Thanks for the kind words Dale! I'm glad you commented on the clouds as I was wondering if people would see them as a plus by adding realism and some drama. I have a few hundred different ones to choose from, ok, maybe not that many, but I chose the ones I thought told the story best from that day. It was a close call for sure.


Direction of the moon constant? I'm not sure what you mean. These were all taken over the course of 3 hours and are shown as they actually occurred. The only thing I didn't do was angle them across the frame to simulate the actual trajectory path.

Now that I think about it, maybe you're referring to why my partials seem to be perfectly adjacent from each other?
The answer to that is because they were from my location in the US. You have probably seen others from out west where it occurred earlier in the day and the sun/moons path were more diagonal. Here on the east coast the ecliptic path was almost perfectly horizontal which made me happy. Even the Sun's corona details from it's poles changed from west coast to east coast where mine are almost straight up and down. Cool stuff for sure.

I'm still working on my final totality shot.
I just hope I can remember 1/3 of the PS stuff I have learned from this project.


Dave





Sep 19, 2017 at 08:57 PM
DaleBerlin
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p.1 #11 · p.1 #11 · Eclipse composite


I may be wrong here, but here is what I meant by "Direction of the Moon". I assume time is passing as we go from left to right in your series. So, the second image from left shows the Moon starting to eclipse the sun from the Sun's top right side. I would then expect the Moon to end the eclipse from the Sun's bottom left side (next to last image). I would expect the "Direction of the Moon" to be a diagonal line starting from the Sun's top right side, going through the Sun's center, and finally ending at the Sun's bottom left side. Your next to last image shows it ending in top left. Am I missing something?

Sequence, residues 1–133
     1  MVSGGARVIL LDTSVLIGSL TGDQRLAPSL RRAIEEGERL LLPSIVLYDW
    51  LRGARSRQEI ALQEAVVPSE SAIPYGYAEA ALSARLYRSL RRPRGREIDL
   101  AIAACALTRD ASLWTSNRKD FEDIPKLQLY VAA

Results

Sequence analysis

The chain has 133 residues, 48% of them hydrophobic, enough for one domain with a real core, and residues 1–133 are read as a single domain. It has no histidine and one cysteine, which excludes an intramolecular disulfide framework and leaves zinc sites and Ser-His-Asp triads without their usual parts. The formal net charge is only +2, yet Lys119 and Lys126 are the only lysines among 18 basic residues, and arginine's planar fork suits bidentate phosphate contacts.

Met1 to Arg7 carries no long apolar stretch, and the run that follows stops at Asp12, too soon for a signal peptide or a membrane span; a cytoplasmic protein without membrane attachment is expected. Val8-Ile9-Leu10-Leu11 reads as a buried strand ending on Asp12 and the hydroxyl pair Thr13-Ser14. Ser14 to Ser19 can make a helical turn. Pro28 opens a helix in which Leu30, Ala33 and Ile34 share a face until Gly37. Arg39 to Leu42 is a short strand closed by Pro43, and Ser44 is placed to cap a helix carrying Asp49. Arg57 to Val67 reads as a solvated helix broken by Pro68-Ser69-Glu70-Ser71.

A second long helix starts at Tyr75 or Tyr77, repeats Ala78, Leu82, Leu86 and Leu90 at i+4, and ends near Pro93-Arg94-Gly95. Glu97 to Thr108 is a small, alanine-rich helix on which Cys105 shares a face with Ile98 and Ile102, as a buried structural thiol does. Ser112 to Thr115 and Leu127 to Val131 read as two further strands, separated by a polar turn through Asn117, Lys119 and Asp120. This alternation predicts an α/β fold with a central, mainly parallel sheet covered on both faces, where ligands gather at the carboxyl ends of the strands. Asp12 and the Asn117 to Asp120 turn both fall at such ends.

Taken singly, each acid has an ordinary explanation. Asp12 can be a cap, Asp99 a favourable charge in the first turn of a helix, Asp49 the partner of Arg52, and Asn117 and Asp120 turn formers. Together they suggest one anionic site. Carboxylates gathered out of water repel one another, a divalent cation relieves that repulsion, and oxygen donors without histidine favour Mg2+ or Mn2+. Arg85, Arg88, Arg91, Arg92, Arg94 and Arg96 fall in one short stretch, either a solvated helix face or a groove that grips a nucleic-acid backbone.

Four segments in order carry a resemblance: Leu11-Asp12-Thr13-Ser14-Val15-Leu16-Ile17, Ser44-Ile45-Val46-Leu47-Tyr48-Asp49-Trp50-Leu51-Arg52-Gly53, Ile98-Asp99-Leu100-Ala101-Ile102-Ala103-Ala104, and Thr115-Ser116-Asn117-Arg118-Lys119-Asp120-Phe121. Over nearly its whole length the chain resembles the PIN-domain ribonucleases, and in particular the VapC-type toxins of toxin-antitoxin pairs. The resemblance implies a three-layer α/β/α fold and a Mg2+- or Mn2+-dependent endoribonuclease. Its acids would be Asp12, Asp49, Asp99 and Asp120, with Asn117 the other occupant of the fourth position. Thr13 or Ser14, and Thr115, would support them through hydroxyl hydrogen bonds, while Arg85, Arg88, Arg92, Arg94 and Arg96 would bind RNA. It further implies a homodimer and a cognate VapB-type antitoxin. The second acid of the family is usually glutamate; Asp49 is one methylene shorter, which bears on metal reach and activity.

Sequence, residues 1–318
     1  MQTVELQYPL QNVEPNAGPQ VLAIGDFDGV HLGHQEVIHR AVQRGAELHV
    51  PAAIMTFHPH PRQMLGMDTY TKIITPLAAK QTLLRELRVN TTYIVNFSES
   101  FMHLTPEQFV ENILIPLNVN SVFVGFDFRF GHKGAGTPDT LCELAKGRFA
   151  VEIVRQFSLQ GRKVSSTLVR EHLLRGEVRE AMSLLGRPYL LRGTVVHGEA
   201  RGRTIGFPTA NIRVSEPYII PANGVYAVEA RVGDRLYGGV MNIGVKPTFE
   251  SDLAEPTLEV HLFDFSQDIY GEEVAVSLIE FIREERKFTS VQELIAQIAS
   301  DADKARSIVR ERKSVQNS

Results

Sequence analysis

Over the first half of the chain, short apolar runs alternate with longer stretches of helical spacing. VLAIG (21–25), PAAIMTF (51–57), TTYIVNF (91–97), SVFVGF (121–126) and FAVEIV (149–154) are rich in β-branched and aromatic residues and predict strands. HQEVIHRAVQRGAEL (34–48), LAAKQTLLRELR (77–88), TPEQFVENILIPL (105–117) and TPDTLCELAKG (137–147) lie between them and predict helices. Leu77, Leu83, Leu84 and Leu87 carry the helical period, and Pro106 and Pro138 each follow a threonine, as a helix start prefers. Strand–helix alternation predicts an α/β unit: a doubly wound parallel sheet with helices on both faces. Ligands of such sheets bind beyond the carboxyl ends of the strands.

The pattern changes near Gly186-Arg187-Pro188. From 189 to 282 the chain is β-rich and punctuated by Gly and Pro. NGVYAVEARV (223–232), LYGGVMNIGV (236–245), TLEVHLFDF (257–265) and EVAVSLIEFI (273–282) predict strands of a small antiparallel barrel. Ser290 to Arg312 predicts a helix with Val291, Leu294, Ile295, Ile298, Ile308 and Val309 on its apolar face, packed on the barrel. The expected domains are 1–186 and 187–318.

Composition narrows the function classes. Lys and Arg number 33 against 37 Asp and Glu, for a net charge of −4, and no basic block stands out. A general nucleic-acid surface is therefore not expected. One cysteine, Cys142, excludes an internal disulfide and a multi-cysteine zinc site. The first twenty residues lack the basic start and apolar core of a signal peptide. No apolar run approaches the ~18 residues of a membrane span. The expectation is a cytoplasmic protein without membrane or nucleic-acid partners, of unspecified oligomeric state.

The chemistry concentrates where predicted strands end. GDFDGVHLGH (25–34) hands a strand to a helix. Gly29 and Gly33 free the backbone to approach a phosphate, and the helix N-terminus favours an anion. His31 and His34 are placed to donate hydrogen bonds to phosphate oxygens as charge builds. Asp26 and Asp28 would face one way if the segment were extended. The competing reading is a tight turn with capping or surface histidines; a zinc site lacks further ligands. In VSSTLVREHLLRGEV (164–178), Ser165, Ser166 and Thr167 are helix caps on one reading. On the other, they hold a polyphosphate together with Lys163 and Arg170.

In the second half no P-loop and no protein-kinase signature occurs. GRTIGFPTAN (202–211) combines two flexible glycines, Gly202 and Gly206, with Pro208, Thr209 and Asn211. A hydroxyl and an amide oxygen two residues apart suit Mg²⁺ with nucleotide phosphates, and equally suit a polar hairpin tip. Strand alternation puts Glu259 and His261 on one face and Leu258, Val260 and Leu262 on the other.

Sep 20, 2017 at 02:41 AM
lighthound
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p.1 #12 · p.1 #12 · Eclipse composite


Yep, what you are missing is that little word I snuck in on you above in my reply.
It's called "Ecliptic path" and it's basically the trajectory of both the sun and the moon caused by both the earth's rotation as well as the moon's orbit around earth.
It's definitely some funky stuff and took me awhile to get it right in my head also.

So with that said.
No matter what coast you are near (West or East) the totality will always begin with a diamond ring on the left and ends with a diamond ring on the right side. Partials as you see in my image just the same.

From western sites the diamond rings will be at lower left (at the start) and upper right (at the
end). This is because the ecliptic (centerline) path is roughly a 45 deg angle relative to the horizon.

Whereas from eastern sites the ecliptic (centerline) is nearly horizontal or parallel with the horizon.
Thus the reason my partials appear to be symmetrical from one side to the other.

Now to add yet another brain fart moment into the equation...

Depending on if you are standing to the north or south of the totality centerline (the path the eclipse followed across the USA) the partials and diamond rings will appear either at the top or to the bottom area of the disk.

I was located to the north side of the centerline and only had 96 seconds of totality rather than the full 156 seconds, thus my partials and diamond rings were located along the top edges (approx 10 o'clock and 2 o'clock positions)
If I would have moved down the road a few miles from my house to get into the centerline, the partials and diamonds would have been perfectly across from each other (9 o'clock and 3 o'clock positions).

So basically it all boils down to these key factors.
1) The Earth's rotation
2) The Moon's orbit around earth
3) Your location relative to the timing of the event. (West or East coast)
4) Your location relative to the centerline of totality. (North or South)

I hope all that helps explain it better.

Also, on a side note. If you look really close you will see my first and last images in the composites are not full sun images and are of what is called 1st contact (C1) and 4th contact (C4). The 2nd and 3rd contacts are basically the diamond rings if you will, which I'm still working on my finals.

Dave



Sep 20, 2017 at 05:06 PM
DaleBerlin
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p.1 #13 · p.1 #13 · Eclipse composite


Bingo "I was located to the north side of the centerline", OK now I get it. I viewed it from the centerline in Tennessee , so moon entered top right and exited bottom left. It is a point of view thing lol. Thank for clearing that up for me. And congrats on the wonderful images.


Sep 20, 2017 at 06:15 PM